Outcast of Redwall: Probably the Worst in the Series
I will admit, I haven't read *every* Redwall book, just the ones up to Rakkety Tam. But I sincerely doubt any of them will top Outcast for sheer lack of quality. It has three major problems, and I'll tackle them in order:
- Lack of Focus and Messy Plotting - Probably the biggest problem with it comes from the fact that it feels like two books clumsily mashed together. On the one hand, we have the life story of Sunflash the Mace, of which his Mossflower cameo was the middle. On the other, we have the machinations of Swartt Sixclaw as he does various evil things with the nebulous goal of avenging himself on Sunflash. On the other-other hand, we have a timeskip so that his son, the titular character, can show up halfway through the book, and his abbey friends who go looking for him and oh you get the picture. Nothing gets developed enough. And, on a side note, the sheer fact that the abbey is, by the timeline, barely new when this story takes place makes it all the worse when everyone acts like they've had countless vermin fights over the years.
- Poor Quality Characterization - Unfortunately, actually learning the history of Sunflash doesn't work in his favor. He never stops feeling raw and untested all through the book, stripping away the cool mystique he had in his Mossflower cameo. Sure, he's an unstoppable One-Man Army, but he's a Redwall badger. Comes with the territory. Swartt's plans are kinda clever, but he's a pretty one-note eeevil character. And actually establishing what made Veil turn out evil was too much work, so it's just In the Blood.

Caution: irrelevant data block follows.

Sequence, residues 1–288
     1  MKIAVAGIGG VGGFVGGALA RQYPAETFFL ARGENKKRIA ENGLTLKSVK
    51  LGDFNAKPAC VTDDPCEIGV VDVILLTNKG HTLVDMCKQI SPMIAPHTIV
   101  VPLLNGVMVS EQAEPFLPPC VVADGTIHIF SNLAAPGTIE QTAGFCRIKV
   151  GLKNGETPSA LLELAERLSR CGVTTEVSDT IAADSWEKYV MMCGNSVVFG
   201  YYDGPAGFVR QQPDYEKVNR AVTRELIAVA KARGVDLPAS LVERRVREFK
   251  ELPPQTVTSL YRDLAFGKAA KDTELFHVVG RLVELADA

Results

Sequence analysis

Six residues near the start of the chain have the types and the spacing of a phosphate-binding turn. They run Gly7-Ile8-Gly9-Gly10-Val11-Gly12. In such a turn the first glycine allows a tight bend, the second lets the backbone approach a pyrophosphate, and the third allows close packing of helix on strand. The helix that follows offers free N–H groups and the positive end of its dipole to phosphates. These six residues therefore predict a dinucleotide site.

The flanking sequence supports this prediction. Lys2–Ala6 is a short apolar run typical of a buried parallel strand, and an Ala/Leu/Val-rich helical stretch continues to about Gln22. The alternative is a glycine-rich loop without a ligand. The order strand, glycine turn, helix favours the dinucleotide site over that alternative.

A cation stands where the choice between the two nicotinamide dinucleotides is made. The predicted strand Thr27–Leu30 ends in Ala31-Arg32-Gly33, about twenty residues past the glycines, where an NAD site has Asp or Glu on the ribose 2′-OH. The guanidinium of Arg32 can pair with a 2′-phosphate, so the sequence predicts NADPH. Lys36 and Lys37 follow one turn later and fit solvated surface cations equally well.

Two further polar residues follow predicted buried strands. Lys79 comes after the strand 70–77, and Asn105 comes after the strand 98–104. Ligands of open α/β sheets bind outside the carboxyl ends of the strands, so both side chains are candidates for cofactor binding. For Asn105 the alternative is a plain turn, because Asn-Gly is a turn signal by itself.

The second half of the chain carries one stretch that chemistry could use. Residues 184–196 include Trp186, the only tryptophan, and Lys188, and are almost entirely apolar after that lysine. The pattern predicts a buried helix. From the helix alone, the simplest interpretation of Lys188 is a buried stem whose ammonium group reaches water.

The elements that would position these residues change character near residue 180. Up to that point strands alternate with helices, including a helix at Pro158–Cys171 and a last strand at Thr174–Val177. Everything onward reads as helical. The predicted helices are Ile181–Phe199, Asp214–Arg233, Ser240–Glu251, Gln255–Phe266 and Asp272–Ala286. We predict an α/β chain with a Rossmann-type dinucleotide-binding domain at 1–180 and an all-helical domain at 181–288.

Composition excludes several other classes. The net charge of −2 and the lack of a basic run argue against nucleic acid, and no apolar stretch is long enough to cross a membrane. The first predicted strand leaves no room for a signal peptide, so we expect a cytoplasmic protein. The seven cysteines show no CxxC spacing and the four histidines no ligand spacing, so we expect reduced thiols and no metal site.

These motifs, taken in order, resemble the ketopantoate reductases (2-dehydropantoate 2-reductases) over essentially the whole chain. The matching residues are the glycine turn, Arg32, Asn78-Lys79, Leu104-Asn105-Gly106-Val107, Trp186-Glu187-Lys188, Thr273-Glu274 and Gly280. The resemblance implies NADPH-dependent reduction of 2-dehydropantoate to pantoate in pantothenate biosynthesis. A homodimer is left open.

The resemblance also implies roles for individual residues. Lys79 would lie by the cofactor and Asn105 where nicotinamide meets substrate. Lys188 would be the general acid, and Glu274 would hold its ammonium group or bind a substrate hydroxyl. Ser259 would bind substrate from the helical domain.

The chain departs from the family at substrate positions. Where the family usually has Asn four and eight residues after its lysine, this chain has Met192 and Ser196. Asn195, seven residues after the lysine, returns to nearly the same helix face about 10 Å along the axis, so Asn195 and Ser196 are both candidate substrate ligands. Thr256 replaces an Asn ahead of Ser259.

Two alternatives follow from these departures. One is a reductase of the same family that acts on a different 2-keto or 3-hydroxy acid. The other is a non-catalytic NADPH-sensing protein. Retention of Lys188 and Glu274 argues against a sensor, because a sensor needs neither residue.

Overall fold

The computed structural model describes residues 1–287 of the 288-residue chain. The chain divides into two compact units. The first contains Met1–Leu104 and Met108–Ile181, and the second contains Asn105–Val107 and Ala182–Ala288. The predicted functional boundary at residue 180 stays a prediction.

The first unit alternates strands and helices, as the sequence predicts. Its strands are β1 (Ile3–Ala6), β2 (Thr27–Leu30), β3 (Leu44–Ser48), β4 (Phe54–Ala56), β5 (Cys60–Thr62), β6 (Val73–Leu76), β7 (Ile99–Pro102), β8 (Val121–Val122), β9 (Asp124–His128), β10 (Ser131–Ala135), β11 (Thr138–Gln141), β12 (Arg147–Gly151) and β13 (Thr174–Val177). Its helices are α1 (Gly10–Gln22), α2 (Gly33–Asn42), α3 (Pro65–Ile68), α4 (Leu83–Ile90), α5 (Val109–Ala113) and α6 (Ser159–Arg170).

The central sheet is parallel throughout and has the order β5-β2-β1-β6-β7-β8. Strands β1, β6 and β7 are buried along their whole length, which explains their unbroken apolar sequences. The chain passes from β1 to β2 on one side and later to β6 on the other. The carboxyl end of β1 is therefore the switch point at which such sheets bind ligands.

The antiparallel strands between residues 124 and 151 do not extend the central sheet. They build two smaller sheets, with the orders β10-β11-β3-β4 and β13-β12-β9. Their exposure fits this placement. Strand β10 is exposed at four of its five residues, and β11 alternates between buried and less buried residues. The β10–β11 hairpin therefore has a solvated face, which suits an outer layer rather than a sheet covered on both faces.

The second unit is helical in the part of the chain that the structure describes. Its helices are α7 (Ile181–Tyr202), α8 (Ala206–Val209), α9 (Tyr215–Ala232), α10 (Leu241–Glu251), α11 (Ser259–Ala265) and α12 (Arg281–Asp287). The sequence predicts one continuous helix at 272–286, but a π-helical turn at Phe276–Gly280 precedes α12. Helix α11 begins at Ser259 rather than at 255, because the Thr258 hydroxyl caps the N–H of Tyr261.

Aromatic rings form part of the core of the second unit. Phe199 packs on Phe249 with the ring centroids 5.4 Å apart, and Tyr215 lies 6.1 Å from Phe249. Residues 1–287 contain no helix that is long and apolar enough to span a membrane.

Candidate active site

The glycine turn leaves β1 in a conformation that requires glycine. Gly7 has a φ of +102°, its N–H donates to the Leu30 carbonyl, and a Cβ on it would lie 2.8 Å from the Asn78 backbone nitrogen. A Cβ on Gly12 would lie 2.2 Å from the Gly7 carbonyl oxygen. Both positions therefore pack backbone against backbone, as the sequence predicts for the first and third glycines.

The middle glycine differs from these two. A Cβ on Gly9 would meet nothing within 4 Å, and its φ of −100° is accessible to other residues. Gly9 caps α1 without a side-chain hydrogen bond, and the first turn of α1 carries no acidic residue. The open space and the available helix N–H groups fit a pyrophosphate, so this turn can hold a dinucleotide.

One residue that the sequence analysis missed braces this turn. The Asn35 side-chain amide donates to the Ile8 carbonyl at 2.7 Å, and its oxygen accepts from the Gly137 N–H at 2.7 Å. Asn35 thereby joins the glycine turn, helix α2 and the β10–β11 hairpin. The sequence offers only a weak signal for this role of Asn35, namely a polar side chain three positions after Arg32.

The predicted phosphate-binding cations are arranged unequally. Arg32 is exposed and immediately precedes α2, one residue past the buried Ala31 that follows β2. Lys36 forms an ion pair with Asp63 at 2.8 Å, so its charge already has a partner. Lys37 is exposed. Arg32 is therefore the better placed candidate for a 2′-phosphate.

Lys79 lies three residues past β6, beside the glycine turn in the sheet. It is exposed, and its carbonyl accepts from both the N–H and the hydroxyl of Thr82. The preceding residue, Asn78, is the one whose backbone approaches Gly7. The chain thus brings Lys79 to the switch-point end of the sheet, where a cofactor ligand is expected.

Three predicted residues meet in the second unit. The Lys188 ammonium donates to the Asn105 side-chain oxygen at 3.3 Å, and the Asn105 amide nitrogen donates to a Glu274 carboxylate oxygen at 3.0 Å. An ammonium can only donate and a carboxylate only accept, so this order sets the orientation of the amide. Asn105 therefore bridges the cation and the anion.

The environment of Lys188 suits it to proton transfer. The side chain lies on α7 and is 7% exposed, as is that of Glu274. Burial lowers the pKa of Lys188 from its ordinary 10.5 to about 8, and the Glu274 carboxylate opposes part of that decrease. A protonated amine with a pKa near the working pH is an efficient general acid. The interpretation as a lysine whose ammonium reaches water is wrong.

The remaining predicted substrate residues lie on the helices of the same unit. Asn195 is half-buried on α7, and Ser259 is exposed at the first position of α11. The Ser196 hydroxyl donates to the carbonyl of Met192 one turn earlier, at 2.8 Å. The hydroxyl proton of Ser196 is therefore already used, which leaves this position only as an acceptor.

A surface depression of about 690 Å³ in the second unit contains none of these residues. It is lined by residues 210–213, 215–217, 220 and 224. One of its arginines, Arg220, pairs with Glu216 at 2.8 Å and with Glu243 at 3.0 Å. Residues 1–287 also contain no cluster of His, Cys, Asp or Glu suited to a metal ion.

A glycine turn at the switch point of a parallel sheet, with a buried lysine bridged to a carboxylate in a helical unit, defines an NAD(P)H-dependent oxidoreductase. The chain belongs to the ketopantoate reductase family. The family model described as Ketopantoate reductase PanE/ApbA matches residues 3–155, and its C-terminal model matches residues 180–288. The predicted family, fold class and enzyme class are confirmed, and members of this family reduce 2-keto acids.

- Mixed Messages - Everyone harps about this, but only because it really is that bad. In the novel that, theoretically, sets out to focus on the vermin and the question of whether they're just born evil, the answer is a resounding yes. Shoot, after Veil Takes the Javelin for his adoptive mother in a final act of selflessness, she decides he really was always evil and wouldn't have even tried to save her if he really thought he was in danger. Let's just say the question is better addressed in every other book that gives it a fair shake!